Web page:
I shall argue for the significance of a particular narrative or dramatic scenario in the nineteenth century, on both sides of the Atlantic. This is the 'American Claimant' plot, in which an American heir turns up to claim a British estate. The premise allowed writers to dramatize culture clash, often for comic purposes, but also to contrast political systems, to pit history and modernity, or to examine colonialism and revolution. I'll discuss some manifestations in U.S., British Victorian, and South African literature, as well as in a transatlantic antislavery newspaper, Frederick Douglass's Paper. I'll also try to talk a little bit about the process of writing, and I hope that participants will bring their own reflections on this to the Q and A.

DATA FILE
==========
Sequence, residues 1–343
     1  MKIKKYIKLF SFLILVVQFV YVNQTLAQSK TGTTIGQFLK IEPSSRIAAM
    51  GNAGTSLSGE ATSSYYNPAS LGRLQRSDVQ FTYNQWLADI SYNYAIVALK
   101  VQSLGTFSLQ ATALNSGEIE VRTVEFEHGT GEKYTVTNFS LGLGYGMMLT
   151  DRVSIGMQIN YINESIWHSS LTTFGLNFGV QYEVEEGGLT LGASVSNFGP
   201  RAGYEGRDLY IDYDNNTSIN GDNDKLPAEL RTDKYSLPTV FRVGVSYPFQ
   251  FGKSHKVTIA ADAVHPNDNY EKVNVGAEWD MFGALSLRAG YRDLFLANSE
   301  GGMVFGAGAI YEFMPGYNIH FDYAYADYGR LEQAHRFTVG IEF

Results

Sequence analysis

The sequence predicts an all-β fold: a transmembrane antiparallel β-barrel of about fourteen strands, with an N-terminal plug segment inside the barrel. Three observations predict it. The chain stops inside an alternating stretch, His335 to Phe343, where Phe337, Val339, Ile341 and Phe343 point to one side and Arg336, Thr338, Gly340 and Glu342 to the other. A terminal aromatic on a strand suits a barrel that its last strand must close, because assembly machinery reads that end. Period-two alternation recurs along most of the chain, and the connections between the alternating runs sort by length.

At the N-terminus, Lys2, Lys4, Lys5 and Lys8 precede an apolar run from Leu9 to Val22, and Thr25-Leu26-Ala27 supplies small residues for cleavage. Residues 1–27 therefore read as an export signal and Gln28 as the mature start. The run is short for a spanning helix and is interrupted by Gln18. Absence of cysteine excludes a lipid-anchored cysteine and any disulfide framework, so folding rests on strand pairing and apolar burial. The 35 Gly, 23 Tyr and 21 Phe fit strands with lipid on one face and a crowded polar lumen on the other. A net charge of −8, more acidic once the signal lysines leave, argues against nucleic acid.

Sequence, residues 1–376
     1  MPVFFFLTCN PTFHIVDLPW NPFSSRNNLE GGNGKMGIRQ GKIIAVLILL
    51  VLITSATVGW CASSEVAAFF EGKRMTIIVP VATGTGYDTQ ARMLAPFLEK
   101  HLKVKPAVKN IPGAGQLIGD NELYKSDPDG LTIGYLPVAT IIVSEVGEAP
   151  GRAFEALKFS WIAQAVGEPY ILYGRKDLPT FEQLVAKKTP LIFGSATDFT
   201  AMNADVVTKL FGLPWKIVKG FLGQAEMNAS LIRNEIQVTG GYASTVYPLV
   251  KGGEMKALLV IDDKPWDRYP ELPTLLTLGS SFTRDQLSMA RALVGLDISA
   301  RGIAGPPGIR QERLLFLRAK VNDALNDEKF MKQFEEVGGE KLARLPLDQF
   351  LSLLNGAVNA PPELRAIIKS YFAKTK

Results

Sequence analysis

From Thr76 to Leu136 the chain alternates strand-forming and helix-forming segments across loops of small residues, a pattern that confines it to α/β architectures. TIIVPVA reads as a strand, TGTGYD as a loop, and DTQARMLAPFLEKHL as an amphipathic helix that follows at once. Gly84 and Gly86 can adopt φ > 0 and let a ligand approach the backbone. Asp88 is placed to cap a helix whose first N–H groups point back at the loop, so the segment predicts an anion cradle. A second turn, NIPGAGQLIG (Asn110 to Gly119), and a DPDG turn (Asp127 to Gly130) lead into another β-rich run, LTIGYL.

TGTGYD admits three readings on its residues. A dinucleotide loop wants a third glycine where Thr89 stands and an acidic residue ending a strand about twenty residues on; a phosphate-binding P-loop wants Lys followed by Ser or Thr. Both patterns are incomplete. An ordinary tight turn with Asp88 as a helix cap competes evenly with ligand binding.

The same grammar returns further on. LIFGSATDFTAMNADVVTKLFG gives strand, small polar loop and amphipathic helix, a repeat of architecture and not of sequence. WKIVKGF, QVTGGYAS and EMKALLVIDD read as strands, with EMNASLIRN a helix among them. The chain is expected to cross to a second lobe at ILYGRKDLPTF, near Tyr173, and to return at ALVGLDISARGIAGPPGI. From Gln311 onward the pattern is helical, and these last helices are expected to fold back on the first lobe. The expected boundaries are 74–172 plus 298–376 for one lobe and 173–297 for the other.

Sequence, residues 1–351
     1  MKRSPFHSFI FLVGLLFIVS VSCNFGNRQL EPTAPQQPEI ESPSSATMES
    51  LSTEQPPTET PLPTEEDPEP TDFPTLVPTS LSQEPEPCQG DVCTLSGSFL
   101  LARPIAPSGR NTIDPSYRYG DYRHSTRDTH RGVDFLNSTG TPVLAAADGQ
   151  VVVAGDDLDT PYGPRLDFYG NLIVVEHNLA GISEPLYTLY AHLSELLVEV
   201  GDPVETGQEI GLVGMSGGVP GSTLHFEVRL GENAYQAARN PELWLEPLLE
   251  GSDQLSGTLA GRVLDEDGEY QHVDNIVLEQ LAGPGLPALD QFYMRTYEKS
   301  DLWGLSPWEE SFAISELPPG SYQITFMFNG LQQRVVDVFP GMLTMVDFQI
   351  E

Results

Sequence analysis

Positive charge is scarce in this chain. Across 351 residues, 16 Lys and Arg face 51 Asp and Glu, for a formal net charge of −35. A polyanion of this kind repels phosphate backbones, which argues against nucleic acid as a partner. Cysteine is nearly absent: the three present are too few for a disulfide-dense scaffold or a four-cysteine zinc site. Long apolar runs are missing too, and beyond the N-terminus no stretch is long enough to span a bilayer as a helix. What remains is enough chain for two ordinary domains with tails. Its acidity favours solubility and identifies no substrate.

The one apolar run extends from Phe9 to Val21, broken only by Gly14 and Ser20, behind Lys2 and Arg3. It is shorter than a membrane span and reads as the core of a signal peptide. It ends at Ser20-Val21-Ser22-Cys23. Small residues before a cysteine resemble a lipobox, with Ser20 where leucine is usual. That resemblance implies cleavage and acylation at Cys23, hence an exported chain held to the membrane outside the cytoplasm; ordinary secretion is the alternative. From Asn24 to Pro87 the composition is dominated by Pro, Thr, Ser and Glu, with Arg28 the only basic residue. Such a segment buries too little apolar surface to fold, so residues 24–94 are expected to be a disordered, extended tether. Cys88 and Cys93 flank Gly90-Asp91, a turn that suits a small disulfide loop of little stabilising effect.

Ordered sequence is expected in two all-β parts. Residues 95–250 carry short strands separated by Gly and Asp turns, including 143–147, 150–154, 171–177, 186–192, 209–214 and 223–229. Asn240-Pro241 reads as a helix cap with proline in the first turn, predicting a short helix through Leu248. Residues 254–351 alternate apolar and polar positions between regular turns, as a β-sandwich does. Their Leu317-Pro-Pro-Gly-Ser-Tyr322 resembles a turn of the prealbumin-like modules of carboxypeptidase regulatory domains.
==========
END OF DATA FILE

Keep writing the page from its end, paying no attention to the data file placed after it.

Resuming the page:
Sarah Meer is a Senior Lecturer at the University of Cambridge, and a Fellow of Selwyn College. She teaches 19th and 20th-century literature – mainly British and American – and has published two monographs: Uncle Tom Mania: Slavery Minstrelsy, and Transatlantic Culture in the 1850s (2005); and American Claimants: The Transatlantic Romance, c. 1820-1920 (2020).
Meeting ID: 928 3251 1494
Live broadcast will be available in Room CRT-7.45, 7/F, Run Run Shaw Tower, Centennial Campus, HKU.